Imagine a beautiful, innocent young angel of a girl playing with her dolls for hours in the pink, candyfloss never-never land of her bedroom; ensconced in the decorative Disney imagery so soothing to naive, delicate little souls – her safe place. She’s whispering to them, combing their hair, and dressing them up for the Fairy Ball, oblivious to all but the swaddling delight of her romantic escapism. It’s soon time for beddy-byes though, and after tenderly coaxed into putting away the prized possessions around which the dreams of infancy revolve, she scampers to the bathroom in Finding Nemo jim-jams to brush her impish, round teeth with bubble-gum flavoured paste using a Little Mermaid electric toothbrush – her sweet, underdeveloped brain and fun-sized, lily-white arms not yet able to adequately clean out the remnants of alphabeti-spaghetti and Haribo, without a little gentle support. Then, our little hummingbird-princess frog-leaps into her marshmallowy nest, to the hushed, lulling tones of a lovingly narrated bedtime story about mischievous woodland animals and their benign, wizard leader; as she snuggles down into deliciously warm Moana bed-linen, clutching her favourite Care Bear. Lights dimmed, the illuminous stars on the ceiling above her cherubic face begin magically to glow, as her little mind – permeated with wonder – falls drowsy, and tip-toes imperceptibly off to the land of nod. Aaah, utter bliss.

Then, all of a sudden cackling maniacally, her mother violently straps her down, super-glues her eyelids open, whips out a laptop and terrorises her psyche with a full volume, Dolby surround-sound, HD showing of The Conjuring, quickly followed by The Human Centipede; all the while snarling that she’s going to kill her own granny – and her best friend’s granddad – because she’s a selfish, wicked, disobedient little troll.

Parenting 101: SAGE style. Suitable for ages 1 to 100. May cause distressing neurological disruption. If symptoms persist please consult the NHS app.

Project Petrify was bound to induce hysterical fear. Little wonder we put paintings of rainbows in our bedroom windows, and clapped on our doorsteps – like superstitious, medieval peasants warding off the hocus-pocus of a rumoured witch in the shire.

Several years ago, weary of my inability to fill the stomach of my evenings with anything other than bland, televisual-porridge, I went cold-turkey and gave up watching fiction – of any sort, any length and on any platform. It was quickly replaced by a hoggish consumption of documentaries, which in turn was superseded by football; itself then losing appeal due to the introduction of the very same technology being currently used to dilute the enjoyment of life itself – VAR: Vanquish All Risk. I don’t remember the last time I watched a movie. I’d finally grown bored of slurping on gloop. The dysentery it caused was dehydrating my identity.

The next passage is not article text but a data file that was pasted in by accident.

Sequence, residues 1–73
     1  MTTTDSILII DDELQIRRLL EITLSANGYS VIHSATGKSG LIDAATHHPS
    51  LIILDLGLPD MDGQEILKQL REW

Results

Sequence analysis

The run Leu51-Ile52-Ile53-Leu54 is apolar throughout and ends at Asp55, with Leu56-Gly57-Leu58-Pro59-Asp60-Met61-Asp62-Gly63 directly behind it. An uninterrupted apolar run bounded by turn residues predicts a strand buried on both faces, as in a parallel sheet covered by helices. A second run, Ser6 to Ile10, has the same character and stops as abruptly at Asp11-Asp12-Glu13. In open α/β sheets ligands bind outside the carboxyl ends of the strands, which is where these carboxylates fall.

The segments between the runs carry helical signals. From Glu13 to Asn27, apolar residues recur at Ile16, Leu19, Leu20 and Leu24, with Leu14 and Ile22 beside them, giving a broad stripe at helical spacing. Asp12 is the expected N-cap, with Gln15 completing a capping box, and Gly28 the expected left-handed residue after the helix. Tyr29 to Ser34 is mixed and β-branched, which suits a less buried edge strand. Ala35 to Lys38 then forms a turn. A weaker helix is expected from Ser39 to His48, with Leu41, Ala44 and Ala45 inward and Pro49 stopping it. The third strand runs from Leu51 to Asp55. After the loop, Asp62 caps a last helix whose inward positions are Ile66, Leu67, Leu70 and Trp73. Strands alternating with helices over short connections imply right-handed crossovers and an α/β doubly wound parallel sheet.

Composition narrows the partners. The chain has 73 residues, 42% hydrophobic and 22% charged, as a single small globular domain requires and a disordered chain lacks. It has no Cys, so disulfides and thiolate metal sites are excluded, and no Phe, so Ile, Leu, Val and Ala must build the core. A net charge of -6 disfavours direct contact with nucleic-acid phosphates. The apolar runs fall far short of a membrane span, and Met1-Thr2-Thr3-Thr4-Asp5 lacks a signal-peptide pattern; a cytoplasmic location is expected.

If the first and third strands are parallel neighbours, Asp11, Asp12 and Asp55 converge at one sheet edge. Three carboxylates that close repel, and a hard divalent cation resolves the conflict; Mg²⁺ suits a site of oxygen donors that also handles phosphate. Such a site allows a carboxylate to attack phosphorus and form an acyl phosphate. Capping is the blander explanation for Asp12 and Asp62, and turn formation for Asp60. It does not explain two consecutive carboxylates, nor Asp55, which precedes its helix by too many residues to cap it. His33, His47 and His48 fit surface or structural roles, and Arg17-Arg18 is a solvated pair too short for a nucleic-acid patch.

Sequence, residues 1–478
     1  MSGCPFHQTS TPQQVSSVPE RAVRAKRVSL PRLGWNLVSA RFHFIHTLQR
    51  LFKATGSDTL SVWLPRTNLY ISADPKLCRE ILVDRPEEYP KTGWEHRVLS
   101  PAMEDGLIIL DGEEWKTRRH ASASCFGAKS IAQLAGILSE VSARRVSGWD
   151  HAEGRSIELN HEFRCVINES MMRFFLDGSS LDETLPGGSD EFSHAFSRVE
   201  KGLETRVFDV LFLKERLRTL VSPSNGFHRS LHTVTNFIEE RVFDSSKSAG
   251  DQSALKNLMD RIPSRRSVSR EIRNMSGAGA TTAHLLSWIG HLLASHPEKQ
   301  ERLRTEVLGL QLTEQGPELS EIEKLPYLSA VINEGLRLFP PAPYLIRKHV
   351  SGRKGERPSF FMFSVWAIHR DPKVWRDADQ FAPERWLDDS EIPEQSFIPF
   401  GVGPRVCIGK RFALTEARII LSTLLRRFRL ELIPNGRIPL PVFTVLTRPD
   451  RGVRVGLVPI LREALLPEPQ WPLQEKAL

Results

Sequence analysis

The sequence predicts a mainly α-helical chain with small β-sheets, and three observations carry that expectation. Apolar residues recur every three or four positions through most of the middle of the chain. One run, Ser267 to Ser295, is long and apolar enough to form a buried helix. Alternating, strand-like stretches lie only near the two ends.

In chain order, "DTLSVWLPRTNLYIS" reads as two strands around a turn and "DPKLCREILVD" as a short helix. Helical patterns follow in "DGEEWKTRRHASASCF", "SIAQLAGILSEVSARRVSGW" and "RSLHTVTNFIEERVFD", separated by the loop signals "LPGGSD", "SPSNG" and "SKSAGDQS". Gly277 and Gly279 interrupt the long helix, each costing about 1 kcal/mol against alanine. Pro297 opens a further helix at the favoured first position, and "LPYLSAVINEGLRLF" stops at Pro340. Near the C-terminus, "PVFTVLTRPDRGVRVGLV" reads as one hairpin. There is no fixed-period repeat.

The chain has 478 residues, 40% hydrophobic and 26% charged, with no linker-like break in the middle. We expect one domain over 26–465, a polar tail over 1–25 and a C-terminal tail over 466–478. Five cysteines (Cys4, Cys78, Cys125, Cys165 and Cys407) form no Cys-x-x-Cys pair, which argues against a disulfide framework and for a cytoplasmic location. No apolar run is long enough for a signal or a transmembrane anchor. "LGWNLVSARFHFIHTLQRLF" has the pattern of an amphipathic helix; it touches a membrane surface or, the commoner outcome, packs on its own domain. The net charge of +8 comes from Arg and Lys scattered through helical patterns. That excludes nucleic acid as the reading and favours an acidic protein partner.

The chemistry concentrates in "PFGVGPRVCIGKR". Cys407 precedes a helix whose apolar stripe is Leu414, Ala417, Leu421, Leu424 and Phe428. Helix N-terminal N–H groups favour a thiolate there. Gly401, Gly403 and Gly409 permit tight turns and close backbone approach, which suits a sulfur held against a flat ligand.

You are not the Catwoman of your street, no matter how skinny a pair of faux-leather tights you’ve managed to wriggle into, and despite your monumental efforts, nobody in your neighbourhood thinks you are Leonidas from 300. Neither are you the Wolf of Wall Street or the Jim Carrey of your workplace. A surf van doesn’t turn your life into Big Wednesday, and when you swagger along the high street there are a total of zero people who give a tinker’s cuss about whatever genre of make-believe aura you have adopted for the outing.

The only people who are thoroughly captivated by your ceaseless identity crisis are Government; because whilst you’re fannying and farting around trying to make manifest in your life the idealised fabrications, and glorified misery of the entertainment industry’s cooked-up, crooked sales agents, they’ll bring the curtain down on any sense of authenticity without you even knowing it; because how could you?

You are not John Snow, and I am not some hip, urban oracle, but winter is coming. It won’t be a normal one, that much is patently obvious. To what extent it may or may not resemble the halcyon winters of our youth – or even that of the 2019/20 tax year – is yet to be revealed; once SEGA SAGE iron-out the bugs on the app version of The Truman Show 4.

Set yourself a challenge: by the time the official grand opening of the flu season arrives – to coincide with the game’s release – try and have vaccinated yourself against fiction. That way we can all stop living in the stinging, soapy cells spuming out of Government’s new Bubble-making Machine – it’s we forever blowing them after all.